Climate change. Climate change is increasingly viewed as a current and future cause of hunger and poverty. Increasing drought, flooding, and changing climatic patterns requiring a shift in crops and farming practices that may not be easily accomplished are three key issues. Another key issue is the future of industrialization and higher standards of living, as the principal cause of climate change is the amount of carbon dioxide produced by high energy use.

Hunger in Canada

Millions of Canadians struggle to put food on the table

A Canadian report is warning that for a staggering four million Canadians — including 1.5 million children — this food insecurity is a reality.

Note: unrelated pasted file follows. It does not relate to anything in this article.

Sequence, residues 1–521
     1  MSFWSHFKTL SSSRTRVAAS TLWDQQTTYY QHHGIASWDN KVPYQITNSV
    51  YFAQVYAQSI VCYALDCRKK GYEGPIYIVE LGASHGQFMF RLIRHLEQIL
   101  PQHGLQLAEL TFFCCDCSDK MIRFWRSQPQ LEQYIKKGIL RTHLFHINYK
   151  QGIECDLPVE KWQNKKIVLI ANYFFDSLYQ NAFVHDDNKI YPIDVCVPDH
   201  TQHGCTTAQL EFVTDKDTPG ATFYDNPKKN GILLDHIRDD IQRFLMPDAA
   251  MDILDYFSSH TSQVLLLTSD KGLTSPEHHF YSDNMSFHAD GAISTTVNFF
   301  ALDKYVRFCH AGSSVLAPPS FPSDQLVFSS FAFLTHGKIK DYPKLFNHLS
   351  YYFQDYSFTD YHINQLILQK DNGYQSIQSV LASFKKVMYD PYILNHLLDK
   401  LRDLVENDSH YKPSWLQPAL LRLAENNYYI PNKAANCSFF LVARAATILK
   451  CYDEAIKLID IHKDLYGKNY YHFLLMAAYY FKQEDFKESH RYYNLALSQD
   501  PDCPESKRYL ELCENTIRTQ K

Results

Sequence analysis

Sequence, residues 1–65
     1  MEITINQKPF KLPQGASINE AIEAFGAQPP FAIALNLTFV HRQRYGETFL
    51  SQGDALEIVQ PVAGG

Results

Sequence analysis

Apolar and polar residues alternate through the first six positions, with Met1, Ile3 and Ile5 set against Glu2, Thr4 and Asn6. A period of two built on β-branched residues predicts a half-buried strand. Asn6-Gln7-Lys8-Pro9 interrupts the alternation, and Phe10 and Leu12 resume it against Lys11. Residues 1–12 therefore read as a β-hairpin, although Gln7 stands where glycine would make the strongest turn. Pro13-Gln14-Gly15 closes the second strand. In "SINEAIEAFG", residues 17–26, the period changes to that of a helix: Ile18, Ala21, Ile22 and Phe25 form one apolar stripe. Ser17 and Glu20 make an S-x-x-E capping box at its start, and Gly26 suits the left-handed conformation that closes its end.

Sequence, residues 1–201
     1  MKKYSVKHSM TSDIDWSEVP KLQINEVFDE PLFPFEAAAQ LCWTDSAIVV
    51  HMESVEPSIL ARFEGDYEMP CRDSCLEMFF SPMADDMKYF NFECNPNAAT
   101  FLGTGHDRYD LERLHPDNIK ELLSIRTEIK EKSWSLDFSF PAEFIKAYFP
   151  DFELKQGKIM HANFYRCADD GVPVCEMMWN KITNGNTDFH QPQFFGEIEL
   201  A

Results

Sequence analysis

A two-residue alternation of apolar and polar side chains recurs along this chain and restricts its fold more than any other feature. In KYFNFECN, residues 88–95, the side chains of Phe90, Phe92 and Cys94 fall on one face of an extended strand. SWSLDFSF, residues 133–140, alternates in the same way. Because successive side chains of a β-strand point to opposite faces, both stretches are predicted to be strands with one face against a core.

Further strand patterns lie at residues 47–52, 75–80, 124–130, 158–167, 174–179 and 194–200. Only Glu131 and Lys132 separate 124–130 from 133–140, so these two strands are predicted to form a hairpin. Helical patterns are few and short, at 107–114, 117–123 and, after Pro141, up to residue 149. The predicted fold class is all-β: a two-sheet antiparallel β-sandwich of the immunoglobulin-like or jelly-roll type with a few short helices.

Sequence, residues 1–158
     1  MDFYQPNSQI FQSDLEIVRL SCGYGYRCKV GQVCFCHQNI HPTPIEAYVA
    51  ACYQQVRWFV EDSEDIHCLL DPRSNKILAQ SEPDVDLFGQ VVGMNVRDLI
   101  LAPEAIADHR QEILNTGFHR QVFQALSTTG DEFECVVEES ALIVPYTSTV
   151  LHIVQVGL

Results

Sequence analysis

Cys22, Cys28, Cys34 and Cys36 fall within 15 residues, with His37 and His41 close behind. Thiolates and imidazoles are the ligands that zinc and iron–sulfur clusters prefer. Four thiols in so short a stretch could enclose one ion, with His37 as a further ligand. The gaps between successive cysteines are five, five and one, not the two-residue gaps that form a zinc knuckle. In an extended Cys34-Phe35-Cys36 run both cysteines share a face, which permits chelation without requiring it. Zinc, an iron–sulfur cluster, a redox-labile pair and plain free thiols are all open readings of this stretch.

Author, University of Toronto nutritional sciences professor and leader of PROOF, a research project focusing on policy options to address food insecurity says, “Most people in Canada have no clue that this problem is so big and so serious and we need to raise awareness."

According to StatsCan annual community health surveys, some disturbing trends were found across the country. Canadians’ concerns about food have grown in every province and territory since 2002.

In 2012, Ontario and Alberta appeared to be faring better with about 12% of people facing worries about what to put on the dinner table. Rates rise in the Maritimes, such as 17.5% in Nova Scotia and 16.2% in Prince Edward Island. The northern territories also faced hardship – in Nunavut, 45% of Canadians encountered food scarcity and in the

N.W.T. it was one in five.